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Title: Molecular modelling of β-barrel outer membrane proteins
Author: Pongprayoon, Prapasiri
ISNI:       0000 0004 2695 5374
Awarding Body: University of Oxford
Current Institution: University of Oxford
Date of Award: 2010
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In Gram-negative bacteria, the Outer membrane (OM) acts as a first barrier to screen unwanted compounds whilst enabling ions and very small solutes to diffuse into the cell. Most of nutrients and essential ions are effectively transported across a membrane via the outer membrane proteins (OMPs). The water-filled β- barrel OMPs are called porins. These pores are classified into two groups, non- specific and substrate-specific porins. Each of them has different mechanisms to facilitate its substrate translocation. To reveal the process of substrate permeation and selectivity in microscopic detail, molecular dynamics (MD) simulations and applications were performed in this thesis. The studies in this thesis focus on a series of classical porins. These proteins share similar feature where extracellular loop(s) (generally loop 3 (L3)) is folded into the middle of the pore and act as a constriction site which is important for substrate specificity and selectivity. The studies firstly concentrate on the structural properties and dynamics of the general trimeric porins, OmpC and OmpF whose sequences share 60% identity. OmpC and OmpF are found to have similar mechanism of latching loop (L2) to maintain trimeric stability. The smaller pore size allows OmpC to be more cation-selective than OmpF. Additionally, the major driving force for cation permeation in both porins is not from electrostatic properties. This differs from the phosphate-selective porin, trimeric OprP, where a phosphate diffusion depends on electrostatic interactions with positively charged pore-lining residues. The charge brush-like behavior of interior Arg and Lys residues plays a major role in phosphate selectivity. Also, the free energy profiles (PMF) reveal two key regions that are important for differentiating phosphate from other anions. The brush-like mechanism of OprP were also implanted to the simplified model pores in order to determine the possibility of transferring phosphate-selective properties of OprP to a model which may be useful for future design of nanopores. It is found that the duplication of functional residues and pore cavity can turn a model into the highly phosphate-selective pore. Importantly, the phosphate-binding affinity is dependent on the ability of the pore to interfere and occupy the hydration shell of a translocating phosphate where such ability can be maximized by an increase in sidechain flexibility. In case of uptake of more complex substrates, OpdK also employs a constriction site to select its substrate, aromatic vanillate (VNL) with total charge of -1. Unlike ion-specific porins, the free VNL is attracted by polar and aromatic interactions and sequentially directed through the periplasmic vestibule by charged residues insides the pore. The correct orientation of VNL on arrival is crucial for OpdK to recognize and enable the permeation process.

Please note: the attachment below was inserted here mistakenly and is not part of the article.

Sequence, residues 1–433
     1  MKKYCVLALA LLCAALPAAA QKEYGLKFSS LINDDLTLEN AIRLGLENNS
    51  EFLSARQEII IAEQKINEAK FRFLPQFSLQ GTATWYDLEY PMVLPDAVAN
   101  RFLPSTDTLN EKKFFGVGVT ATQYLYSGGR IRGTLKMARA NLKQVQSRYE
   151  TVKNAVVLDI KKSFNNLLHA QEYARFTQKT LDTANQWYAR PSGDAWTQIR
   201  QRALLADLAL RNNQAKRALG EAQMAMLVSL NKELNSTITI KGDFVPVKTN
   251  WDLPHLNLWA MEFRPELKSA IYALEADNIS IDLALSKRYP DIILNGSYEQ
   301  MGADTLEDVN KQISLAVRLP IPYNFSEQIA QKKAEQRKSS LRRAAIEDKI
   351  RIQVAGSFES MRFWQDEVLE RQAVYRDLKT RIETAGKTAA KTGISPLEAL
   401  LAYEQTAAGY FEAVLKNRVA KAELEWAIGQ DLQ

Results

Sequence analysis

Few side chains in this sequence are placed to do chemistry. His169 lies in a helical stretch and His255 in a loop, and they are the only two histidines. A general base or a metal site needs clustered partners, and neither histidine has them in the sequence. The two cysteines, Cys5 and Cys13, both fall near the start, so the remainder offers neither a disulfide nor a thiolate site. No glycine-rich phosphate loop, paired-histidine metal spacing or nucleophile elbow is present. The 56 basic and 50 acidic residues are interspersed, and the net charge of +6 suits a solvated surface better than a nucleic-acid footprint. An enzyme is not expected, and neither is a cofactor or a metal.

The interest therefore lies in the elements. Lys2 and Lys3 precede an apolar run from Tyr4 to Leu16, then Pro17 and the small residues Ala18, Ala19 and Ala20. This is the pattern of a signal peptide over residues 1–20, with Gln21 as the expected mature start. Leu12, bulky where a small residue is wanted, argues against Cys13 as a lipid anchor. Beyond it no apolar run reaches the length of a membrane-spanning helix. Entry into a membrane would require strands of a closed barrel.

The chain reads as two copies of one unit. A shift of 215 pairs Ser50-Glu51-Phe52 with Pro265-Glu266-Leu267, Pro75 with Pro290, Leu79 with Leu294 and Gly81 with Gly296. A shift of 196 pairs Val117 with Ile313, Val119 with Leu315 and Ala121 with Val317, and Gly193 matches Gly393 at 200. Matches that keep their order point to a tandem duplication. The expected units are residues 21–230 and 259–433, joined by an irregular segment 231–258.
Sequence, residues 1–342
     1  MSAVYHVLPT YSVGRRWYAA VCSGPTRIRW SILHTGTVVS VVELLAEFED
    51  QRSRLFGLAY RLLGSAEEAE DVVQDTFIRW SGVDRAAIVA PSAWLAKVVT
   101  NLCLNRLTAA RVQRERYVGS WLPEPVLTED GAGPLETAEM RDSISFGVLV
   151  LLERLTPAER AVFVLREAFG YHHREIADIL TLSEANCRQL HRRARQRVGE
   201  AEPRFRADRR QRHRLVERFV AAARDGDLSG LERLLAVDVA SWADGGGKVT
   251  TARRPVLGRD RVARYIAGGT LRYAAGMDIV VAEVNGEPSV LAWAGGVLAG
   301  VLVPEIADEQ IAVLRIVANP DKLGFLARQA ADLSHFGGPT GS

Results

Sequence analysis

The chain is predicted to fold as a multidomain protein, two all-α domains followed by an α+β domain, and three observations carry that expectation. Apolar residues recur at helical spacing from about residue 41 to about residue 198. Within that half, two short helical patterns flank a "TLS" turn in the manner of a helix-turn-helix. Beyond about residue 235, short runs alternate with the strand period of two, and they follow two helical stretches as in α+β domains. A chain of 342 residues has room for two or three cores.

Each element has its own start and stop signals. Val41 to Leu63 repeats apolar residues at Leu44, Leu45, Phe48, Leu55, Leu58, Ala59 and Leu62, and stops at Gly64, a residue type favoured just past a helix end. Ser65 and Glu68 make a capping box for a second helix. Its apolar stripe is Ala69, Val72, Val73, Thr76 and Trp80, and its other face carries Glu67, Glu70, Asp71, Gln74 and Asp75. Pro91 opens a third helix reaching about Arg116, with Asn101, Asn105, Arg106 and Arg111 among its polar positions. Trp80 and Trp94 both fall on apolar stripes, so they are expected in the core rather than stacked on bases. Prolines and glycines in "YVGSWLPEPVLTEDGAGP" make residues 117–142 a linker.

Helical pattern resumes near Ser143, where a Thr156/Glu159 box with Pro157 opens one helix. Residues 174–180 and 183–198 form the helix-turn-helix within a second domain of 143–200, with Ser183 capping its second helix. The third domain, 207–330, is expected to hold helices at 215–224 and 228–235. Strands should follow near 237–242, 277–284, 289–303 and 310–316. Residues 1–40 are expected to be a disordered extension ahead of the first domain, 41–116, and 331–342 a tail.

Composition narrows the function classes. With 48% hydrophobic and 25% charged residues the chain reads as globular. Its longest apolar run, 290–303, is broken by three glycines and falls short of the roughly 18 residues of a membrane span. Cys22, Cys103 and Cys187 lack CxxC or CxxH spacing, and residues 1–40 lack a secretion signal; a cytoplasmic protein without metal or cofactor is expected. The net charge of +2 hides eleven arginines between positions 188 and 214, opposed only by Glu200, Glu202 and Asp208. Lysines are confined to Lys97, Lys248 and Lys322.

Supervisor: Sansom, Mark Sponsor: Royal Thai Government
Qualification Name: Thesis (Ph.D.) Qualification Level: Doctoral
EThOS ID:  DOI: Not available
Keywords: Biochemistry ; computer simulations